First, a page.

• 6. Operations: How the product or service will be produced and delivered.
    • What is the likelihood of securing resources required for production?
    • Is there an ability to operate competitively and grow?
  • 7. Management: An assessment of the entrepreneur(s) and team.
    • Does the team exhibit the experience and skills required for operation?
    • What is the depth and breadth of the team's capabilities?
    • Does the team demonstrate the ability to grow with the organization and attract new talent?
  • 8. Finances: An overview of the required resources and economics of the venture.
    • How compelling is the business model?
    • Have the resources required for the venture been addressed?
    • Has the team clearly and adequately presented a breakeven analysis?
    • How reasonable are the financial projections?
    • Are there prospects for long-term profitability?
  • 9. Investment Proposal: The terms and conditions offered to investors.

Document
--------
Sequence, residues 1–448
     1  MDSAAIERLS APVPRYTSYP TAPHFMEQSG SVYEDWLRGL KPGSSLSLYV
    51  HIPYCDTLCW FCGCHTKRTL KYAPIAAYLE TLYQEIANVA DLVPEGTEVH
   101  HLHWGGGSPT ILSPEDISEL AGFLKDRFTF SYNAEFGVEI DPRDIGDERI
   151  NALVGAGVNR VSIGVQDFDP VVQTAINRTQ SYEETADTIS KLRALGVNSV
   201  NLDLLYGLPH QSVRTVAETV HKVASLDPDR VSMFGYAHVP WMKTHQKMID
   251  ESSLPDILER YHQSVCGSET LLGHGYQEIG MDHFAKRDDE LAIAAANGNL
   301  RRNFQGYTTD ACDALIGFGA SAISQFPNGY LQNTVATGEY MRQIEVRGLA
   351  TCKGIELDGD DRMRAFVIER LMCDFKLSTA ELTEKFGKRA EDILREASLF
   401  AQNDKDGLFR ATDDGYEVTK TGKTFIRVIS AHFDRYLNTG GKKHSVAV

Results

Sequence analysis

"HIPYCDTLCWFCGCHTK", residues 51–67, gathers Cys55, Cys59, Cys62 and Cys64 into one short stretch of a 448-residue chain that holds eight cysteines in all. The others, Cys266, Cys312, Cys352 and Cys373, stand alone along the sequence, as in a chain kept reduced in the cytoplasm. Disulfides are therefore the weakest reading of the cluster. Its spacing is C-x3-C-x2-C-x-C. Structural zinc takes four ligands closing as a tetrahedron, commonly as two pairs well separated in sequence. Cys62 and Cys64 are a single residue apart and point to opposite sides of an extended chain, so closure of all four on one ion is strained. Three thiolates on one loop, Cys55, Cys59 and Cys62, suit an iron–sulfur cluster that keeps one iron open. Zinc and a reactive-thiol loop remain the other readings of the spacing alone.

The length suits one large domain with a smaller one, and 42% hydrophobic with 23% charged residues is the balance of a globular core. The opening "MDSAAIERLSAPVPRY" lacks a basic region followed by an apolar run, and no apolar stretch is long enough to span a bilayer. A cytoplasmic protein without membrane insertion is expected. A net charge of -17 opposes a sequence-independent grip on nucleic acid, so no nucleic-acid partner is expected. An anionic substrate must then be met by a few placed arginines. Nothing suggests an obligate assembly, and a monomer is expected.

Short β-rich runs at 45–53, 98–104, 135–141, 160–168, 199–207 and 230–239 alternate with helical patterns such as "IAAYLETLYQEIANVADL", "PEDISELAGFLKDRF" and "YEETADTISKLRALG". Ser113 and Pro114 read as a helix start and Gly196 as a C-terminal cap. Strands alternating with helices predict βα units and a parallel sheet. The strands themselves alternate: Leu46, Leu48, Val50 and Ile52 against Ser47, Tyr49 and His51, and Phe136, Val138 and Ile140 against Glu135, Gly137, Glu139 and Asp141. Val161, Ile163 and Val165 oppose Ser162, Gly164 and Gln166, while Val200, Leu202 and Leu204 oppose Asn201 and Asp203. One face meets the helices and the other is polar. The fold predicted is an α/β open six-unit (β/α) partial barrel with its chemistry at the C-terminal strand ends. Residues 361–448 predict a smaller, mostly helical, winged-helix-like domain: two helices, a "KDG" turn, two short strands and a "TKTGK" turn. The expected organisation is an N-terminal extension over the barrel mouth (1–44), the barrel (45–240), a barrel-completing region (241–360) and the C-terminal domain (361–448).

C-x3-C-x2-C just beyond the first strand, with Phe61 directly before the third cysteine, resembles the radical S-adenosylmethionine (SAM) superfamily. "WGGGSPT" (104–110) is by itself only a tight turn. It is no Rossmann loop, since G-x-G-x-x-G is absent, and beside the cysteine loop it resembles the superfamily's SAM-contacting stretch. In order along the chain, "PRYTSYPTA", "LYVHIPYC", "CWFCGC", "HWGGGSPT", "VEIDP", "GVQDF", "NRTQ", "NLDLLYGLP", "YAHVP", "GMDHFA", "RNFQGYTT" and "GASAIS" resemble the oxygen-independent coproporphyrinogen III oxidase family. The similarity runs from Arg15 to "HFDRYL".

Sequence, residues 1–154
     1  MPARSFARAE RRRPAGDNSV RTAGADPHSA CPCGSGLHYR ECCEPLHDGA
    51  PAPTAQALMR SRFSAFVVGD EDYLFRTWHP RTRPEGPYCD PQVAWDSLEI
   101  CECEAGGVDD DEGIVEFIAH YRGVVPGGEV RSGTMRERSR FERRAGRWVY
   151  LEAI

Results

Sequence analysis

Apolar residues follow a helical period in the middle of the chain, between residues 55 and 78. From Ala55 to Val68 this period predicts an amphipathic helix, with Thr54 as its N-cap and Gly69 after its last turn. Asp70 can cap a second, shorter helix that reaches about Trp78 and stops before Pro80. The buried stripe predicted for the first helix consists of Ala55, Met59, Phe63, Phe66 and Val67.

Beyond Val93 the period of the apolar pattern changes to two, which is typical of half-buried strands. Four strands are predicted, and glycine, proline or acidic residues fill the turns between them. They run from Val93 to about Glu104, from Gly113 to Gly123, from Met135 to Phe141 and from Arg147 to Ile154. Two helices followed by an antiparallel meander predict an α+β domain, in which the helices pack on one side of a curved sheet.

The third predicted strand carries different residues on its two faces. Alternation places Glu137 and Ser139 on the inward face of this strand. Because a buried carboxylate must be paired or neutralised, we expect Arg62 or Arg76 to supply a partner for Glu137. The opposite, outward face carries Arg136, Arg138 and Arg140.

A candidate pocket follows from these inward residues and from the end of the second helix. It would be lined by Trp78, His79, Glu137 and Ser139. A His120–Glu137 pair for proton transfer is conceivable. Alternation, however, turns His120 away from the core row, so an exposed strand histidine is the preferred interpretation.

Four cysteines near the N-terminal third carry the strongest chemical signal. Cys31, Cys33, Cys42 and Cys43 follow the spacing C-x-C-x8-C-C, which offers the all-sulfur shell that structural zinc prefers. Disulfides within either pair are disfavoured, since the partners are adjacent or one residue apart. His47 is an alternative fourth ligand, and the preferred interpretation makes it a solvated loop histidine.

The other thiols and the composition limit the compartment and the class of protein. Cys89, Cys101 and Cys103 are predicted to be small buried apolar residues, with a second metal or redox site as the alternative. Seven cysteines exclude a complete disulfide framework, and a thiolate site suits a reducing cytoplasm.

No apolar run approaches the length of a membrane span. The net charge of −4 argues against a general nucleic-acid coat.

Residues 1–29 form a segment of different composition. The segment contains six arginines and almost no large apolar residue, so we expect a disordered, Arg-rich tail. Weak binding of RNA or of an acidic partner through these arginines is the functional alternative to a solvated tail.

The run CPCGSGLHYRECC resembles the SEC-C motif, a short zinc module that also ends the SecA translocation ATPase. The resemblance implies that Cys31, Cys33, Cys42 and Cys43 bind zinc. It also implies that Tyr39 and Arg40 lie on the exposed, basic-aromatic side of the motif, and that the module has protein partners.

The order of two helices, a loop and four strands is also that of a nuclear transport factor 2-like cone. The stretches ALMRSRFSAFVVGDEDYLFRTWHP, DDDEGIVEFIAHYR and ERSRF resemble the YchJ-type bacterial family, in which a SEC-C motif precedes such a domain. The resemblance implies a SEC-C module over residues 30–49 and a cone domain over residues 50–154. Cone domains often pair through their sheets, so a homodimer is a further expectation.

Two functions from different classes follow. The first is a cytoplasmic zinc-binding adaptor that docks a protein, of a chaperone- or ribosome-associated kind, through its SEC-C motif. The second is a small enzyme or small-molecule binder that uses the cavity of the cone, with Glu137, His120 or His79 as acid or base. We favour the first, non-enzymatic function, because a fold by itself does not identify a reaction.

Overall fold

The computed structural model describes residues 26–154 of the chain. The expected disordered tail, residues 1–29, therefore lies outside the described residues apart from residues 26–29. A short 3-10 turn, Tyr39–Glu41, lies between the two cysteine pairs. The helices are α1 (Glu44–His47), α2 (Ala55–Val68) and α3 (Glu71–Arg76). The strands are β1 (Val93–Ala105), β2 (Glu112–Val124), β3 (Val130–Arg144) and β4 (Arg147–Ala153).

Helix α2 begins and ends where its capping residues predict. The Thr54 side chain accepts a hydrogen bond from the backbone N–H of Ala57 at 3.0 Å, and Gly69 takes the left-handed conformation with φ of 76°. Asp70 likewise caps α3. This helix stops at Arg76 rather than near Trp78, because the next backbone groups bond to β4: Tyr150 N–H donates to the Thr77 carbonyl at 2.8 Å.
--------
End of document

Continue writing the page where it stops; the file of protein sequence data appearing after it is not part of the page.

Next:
• Did the entrepreneurial team explain funding?
    • Were offerings to investors and anticipated returns clearly explained?
    • Did the team calculate a realistic valuation?
    • How feasible is the exit strategy?
  • 10. Presentation: Overall effectiveness of the actual presentation.
    • Did the presenter(s) engage the audience and hold their attention?
    • Did the presenter(s) appear to speak with confidence authority?
    • Were visual aids (i.e. PowerPoint slides) clear and valuable?
    • Was the pitch exciting and compelling?
    • How efficiently did the team allot their time?
Social Venture Pitch Guidelines

Teams submitting Social Ventures must address the following guidelines. The Social Venture will be evaluated on its ability to meet all of the following judging criteria.